23
Feb
09

A Great Read: A Manifesto for 21st Century Information Technology

 Bob Lewis is one of the most practical and entertaining advisors in the IT world. His expertise spans more than 20 years, seven books and more than 650 columns – each helping modern executives effectively address the technology based issues facing their companies.

Mr. Lewis’ latest effort, A Manifesto for 21st Century Information Technology, is a terrific book for anyone trying to make a real impact within an organization and will become the gold standard for IT professionals trying to make their systems perform business functions. He provides practical insights for real impact by taking on flawed conventional wisdom; encouraging us all to be courageous in a smart way; and reminding us that everything happens through people.

Most of us work very hard to make sure our areas of responsibility serve our customers and happen as efficiently as possible. We want to make sure that the people who rely on our work are satisfied with our efforts and that we deliver as efficiently as possible. We want to do a good job. Lewis points out that traditional approaches have fundamental flaws in their assumptions. Operations set up to serve “internal customers” miss the point. The organization’s purpose is to serve real customers and internal functions must be aligned in order to make that happen effectively and efficiently.

Traditional management and measurement systems create happy islands. Individual operations within the organization serve their internal customers and focus on delivering efficiently. These happy islands may deliver on their goals while the organization struggles to reach its goals. Lewis illustrates this phenomenon with a factory example where the CEO tells the leaders of his functional areas to maximize their efficiency and profitability. Sales and Marketing sells profitable contracts. The Supply Chain delivers raw materials at the lowest possible cost. Manufacturing produces at maximum efficiency. Distribution delivers efficiently. To make a long story short, everyone is happy, but the customer receives large quantities of product at the wrong time; finished product is either out-of-stock or overstocked; and raw material inventory reaches record levels. None of the executives wants to jeopardize their bonus by making their function inefficient. The story demonstrates the need to suboptimize individual operations in order to make the entire organization efficient and effective.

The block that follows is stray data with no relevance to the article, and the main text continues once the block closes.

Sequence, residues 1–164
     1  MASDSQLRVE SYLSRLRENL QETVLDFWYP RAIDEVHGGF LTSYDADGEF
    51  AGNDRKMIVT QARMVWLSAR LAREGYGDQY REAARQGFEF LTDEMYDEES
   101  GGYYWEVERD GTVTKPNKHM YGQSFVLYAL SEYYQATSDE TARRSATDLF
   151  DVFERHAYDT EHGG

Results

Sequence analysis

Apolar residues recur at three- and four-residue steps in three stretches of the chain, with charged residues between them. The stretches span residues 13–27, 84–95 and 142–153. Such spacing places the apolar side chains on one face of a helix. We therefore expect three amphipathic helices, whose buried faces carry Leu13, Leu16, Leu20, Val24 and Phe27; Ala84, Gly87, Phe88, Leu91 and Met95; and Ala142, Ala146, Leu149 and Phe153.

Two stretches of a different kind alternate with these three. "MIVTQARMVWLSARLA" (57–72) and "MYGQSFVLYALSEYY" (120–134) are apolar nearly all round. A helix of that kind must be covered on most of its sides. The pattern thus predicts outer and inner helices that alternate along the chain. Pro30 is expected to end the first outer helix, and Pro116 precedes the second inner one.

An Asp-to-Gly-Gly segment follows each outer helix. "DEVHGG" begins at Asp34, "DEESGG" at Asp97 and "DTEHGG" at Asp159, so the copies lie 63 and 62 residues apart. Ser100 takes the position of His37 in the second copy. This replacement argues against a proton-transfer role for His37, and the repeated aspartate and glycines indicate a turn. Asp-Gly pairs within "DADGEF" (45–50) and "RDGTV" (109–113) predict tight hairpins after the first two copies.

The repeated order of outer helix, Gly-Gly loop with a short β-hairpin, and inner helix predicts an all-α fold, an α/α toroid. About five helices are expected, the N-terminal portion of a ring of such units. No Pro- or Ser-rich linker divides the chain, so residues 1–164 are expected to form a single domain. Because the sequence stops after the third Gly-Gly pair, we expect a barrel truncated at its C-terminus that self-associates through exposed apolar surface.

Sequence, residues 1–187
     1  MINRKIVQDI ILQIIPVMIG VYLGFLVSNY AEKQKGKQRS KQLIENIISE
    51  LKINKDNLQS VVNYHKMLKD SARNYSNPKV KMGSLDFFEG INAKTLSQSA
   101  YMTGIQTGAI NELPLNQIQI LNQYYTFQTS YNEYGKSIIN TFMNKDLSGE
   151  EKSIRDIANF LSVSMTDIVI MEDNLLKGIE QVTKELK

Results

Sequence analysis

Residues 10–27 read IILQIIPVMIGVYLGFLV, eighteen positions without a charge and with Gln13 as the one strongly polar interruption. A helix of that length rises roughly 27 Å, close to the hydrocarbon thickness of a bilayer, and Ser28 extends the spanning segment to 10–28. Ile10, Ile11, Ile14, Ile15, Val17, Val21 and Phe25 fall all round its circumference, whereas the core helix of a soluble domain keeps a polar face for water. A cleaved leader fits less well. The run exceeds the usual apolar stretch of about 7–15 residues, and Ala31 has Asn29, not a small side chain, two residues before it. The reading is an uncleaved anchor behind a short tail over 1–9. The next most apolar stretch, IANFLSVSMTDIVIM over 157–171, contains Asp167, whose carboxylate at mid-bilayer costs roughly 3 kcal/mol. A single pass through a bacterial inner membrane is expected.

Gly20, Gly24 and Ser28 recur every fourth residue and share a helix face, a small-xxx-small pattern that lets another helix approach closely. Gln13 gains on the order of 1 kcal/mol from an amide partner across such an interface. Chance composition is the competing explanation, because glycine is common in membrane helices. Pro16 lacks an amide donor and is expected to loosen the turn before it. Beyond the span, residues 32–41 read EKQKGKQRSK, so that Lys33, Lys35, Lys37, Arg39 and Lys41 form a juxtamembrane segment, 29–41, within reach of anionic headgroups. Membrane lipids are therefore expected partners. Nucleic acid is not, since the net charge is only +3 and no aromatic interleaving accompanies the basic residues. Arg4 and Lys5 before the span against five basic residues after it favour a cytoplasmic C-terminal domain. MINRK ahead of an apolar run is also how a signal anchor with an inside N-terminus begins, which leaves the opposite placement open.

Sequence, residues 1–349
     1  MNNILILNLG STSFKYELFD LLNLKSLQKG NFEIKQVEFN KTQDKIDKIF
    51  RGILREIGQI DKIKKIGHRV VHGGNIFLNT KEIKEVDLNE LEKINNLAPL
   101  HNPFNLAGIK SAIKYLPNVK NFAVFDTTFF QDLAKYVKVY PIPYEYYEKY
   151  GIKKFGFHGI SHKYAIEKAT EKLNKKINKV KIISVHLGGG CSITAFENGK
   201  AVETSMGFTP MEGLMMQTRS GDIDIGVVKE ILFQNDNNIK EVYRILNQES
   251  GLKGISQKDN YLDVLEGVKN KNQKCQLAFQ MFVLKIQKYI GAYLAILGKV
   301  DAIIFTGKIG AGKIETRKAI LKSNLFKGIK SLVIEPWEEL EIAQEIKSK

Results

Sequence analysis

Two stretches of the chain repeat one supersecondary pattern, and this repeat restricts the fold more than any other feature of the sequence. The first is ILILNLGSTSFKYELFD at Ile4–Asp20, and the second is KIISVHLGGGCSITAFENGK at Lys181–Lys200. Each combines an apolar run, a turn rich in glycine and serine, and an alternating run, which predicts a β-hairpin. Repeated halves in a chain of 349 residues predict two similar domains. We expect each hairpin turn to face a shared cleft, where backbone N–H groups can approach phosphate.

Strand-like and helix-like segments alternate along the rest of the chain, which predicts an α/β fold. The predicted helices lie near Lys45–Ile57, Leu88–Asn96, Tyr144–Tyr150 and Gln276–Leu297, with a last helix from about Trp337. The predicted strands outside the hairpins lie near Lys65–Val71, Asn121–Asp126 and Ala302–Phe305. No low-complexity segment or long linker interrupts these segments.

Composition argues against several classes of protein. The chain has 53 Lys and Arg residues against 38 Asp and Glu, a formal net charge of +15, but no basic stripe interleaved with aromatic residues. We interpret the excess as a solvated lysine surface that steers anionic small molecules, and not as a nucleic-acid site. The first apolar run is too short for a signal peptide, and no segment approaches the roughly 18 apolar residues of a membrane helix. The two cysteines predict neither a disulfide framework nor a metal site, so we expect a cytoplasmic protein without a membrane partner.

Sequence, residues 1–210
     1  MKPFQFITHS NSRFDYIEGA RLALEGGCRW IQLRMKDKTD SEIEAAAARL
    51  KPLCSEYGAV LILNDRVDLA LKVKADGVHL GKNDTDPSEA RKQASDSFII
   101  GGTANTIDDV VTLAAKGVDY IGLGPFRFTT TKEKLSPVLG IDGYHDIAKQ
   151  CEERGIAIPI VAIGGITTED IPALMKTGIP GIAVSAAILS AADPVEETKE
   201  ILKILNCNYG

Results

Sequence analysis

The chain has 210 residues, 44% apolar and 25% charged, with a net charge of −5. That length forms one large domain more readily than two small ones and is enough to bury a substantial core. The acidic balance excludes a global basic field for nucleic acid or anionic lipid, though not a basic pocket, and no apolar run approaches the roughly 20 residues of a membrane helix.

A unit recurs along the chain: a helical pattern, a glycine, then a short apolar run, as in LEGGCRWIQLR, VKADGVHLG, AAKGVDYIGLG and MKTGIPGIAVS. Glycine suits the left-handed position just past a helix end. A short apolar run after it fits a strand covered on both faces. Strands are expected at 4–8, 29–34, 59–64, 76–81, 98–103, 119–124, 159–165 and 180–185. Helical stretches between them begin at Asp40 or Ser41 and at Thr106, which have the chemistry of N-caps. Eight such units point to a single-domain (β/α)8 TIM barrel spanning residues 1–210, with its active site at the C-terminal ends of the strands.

Lewis points out that these heuristics break down because it is almost always necessary for individual units to operate at less than peak efficiency in order for the organization to thrive; and that focus on internal customers sacrifices overall efficiency and coordination in order to maximize internal satisfaction on individual projects. Instead, the organization should use a strong focus on the external customer in order to coordinate efforts and effectively position the organization in the market.

Attacking these issues in non-traditional ways requires intelligent courage. Lewis introduces an extremely useful way to insure that these initiatives stay on track and gather the support they need. He posits that we should manage East, West, North, and South within the organization. East refers to establishing relationships with our peers, understanding their needs and building alliances in order to making new initiatives effective. To the West is how we satisfy the people who rely on what you do. North is how we manage and align with our bosses and their needs. Finally, South is the reverse of North: how we deal with the reflective faces reporting to us. Lewis provides the practical tools for making the most of people in each direction, enabling us all to move forward with intelligent courage.

The usual books would stop here, providing the theories and activities that can make you and your organization more effective. Instead, Lewis forcefully and correctly makes the point that all results and all change happens through people. Using involvement strategies is not just a nice thing to do; it’s also a powerful business strategy. He emphasizes how difficult and critical it is for leaders to communicate and engage people in everyday operations and ongoing initiatives. Leaders almost always underestimate the time and effort needed to effectively communicate with everyone in their organizations. Instead of having a united vision of the future, the organization fills the communication gaps with their own interpretations, leaving a disjointed picture of needed actions, hindering the ability to coordinate action.

A Manifesto for 21st Century Information Technology lays out a powerful framework for transforming IT and changing organizations. Bob Lewis does a terrific job of encouraging all of us to challenge flawed conventional wisdom; move forward with intelligent courage; and engage the people around us to make a meaningful difference in our organizations.

It’s a terrific read for all of us making a difference in today’s organizations.

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